He also said Jungle Island representatives alluded to the possibility of new development at the site, something that has come up from time to time, often in reference to building a hotel. But Alfonso said any consideration of a hotel would be complicated because of requirements for a voter referendum in approving major improvements at the waterfront site.

To Regalado, who stresses that all of the projects predate his assumption of the mayor’s job, getting them moving is a central accomplishment of his administration. He notes the other major facility on the island, the Miami Children’s Museum, is popular and on solid footing — even if it took city approval of two massive and controversial electronic advertising billboards on the building to help shore up its finances.

“I think it’s part of my legacy. It will not be my doing. It’s been a long time coming,” he said. “But I think I’ll be very proud of leaving office with things going on in Watson Island.”

Regalado and city officials have defended extending the life of stalled or troubled projects on Watson Island like Island Gardens even after they’ve missed contractual deadlines or rent payments, saying previous administrations locked them into binding agreements which they’re obligated to make work as well as possible. But to skeptics and critics, all that progress is anything but positive. They say the Watson Island projects cement a legacy of seat-of-the-pants planning and questionable deals, with most of the publicly owned island effectively privatized.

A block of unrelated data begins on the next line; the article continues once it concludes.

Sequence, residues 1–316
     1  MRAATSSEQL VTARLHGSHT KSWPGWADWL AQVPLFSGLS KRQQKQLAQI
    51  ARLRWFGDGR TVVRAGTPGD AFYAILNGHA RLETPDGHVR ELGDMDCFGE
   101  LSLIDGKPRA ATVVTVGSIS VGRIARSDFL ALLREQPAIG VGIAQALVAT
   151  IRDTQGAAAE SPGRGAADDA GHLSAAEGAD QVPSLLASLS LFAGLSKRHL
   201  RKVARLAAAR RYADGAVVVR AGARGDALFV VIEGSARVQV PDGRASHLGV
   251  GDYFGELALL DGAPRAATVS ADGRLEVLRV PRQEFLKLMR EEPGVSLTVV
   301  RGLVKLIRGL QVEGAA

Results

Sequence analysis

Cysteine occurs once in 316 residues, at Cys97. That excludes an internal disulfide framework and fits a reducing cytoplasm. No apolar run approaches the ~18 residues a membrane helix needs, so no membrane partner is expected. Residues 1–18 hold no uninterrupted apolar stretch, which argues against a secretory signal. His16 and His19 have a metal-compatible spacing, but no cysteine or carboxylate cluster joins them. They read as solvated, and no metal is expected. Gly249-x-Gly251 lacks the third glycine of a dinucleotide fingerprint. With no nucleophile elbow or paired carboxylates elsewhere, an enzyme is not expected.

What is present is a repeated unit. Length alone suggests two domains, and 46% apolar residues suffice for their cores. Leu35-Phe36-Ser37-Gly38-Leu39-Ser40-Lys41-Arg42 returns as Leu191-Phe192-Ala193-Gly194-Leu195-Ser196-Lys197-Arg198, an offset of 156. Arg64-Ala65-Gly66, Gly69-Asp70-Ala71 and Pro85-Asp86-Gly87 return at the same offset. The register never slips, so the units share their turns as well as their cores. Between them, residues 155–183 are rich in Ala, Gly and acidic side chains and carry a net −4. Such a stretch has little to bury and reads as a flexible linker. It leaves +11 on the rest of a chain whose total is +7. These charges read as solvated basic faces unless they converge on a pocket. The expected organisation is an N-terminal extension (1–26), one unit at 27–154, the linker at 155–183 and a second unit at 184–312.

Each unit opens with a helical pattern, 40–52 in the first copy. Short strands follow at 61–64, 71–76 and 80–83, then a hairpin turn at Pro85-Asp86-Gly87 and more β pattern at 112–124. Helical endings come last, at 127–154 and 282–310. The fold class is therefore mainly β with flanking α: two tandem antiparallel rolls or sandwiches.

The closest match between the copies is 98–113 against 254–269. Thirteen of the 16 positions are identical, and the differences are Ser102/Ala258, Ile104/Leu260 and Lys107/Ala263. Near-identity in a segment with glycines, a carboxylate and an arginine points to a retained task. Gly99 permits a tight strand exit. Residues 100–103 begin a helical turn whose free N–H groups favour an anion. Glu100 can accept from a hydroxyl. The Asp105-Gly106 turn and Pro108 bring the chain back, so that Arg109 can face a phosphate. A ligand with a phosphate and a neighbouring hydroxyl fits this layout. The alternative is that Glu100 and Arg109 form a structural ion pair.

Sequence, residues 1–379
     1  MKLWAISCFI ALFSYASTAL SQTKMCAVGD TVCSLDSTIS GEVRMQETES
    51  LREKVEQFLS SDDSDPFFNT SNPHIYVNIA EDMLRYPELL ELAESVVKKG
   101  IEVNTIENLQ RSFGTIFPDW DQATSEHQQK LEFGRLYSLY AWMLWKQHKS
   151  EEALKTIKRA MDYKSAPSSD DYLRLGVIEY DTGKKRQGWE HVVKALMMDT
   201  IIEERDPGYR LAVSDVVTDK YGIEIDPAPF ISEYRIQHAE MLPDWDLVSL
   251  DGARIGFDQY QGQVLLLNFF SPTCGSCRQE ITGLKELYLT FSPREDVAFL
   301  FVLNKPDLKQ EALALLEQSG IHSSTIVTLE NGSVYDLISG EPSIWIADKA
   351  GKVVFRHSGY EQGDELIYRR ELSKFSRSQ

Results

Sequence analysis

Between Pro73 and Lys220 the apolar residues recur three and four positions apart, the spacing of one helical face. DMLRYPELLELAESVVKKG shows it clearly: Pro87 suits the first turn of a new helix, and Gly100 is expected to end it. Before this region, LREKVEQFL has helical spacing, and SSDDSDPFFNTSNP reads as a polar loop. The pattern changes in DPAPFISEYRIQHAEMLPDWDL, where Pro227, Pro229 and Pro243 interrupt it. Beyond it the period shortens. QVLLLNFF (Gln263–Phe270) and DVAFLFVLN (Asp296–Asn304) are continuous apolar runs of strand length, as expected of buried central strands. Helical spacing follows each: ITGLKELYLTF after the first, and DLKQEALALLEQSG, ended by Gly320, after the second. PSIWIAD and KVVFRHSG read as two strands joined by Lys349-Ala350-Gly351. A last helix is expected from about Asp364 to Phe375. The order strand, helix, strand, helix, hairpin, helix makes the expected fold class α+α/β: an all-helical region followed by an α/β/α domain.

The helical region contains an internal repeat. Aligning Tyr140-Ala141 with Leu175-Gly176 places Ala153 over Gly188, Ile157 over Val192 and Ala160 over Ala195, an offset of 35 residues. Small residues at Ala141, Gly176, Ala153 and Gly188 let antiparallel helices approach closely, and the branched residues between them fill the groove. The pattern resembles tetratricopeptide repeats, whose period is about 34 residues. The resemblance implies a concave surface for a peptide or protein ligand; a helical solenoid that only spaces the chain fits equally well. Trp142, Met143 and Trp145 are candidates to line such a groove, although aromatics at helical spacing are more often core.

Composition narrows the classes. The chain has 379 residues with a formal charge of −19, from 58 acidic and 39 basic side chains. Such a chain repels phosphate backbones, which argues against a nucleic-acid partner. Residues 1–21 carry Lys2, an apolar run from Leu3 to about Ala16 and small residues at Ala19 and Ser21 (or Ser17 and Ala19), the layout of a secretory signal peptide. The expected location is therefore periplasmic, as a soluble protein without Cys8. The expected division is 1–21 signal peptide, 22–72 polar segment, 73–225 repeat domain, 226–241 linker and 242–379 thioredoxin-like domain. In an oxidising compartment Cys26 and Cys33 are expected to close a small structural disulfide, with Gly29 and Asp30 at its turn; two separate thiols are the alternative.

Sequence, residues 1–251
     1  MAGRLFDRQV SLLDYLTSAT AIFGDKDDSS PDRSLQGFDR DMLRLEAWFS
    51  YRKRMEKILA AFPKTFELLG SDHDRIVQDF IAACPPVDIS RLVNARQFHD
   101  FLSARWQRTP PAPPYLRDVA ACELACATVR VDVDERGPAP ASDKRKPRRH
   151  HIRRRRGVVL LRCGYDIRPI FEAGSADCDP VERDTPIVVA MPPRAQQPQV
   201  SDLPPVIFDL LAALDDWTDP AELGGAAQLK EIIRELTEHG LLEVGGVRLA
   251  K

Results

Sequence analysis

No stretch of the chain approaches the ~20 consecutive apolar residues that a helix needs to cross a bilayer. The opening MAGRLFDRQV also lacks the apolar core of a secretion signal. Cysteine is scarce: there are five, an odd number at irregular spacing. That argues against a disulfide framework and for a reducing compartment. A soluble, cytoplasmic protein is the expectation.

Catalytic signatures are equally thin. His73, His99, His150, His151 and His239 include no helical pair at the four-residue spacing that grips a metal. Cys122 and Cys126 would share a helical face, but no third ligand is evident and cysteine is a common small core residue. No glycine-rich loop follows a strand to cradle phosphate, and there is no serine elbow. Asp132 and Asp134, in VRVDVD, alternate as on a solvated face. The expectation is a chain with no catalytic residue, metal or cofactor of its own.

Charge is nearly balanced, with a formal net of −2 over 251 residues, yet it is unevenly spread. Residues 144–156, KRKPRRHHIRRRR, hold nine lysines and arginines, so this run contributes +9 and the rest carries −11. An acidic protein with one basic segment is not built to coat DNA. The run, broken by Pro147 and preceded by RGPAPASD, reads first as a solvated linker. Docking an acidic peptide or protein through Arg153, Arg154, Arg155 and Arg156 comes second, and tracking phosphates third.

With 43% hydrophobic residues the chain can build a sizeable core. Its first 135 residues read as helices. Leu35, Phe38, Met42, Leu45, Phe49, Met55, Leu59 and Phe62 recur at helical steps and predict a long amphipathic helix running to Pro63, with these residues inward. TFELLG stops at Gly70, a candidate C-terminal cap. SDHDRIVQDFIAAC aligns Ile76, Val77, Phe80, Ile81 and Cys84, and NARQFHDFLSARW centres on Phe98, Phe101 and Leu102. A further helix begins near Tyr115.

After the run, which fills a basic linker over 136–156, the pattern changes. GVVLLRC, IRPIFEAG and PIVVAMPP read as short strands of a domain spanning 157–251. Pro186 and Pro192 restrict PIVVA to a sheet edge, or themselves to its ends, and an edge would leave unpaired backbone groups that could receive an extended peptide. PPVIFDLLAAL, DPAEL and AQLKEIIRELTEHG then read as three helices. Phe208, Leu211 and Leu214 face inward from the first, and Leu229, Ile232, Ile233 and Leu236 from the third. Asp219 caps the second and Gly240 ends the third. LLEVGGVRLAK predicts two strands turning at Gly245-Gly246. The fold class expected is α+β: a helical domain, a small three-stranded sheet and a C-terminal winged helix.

“It’s really sad to me to see the evisceration or the loss of any kind of public space there,” said Greg Bush, a co-founder of the Urban Environment League and history professor at the University of Miami. “You could have a real park out there, or at least buildings with a public use. Instead what I see is the long-term lack of good planning and public benefit going over several generations, kind of endlessly.”

Those leery of the Watson Island projects include Miami Beach officials concerned about traffic impacts on the frequently clogged MacArthur Causeway, which bisects the island, as well as the new city commissioner for the district, Ken Russell. During his campaign, which was run by a lobbyist for a group critical of Flagstone, he criticized extensions for Island Gardens, which his predecessor, Marc Sarnoff, supported.

Russell said he’s now studying the deals and the role in them of the city’s Miami Sports and Exhibition Authority, or MSEA, which Regalado chairs and which serves as landlord for Island Gardens, the Children’s Museum and the seaplane and heliport facilities. Under city ordinances, the agency can lease out waterfront properties without a referendum, a requirement for city-owned waterfront land not controlled by MSEA, which includes the Jungle Island site.

Russell said that so far he’s found MSEA’s role“bewildering,” although he’s not yet prepared to take a position on the Watson Island projects.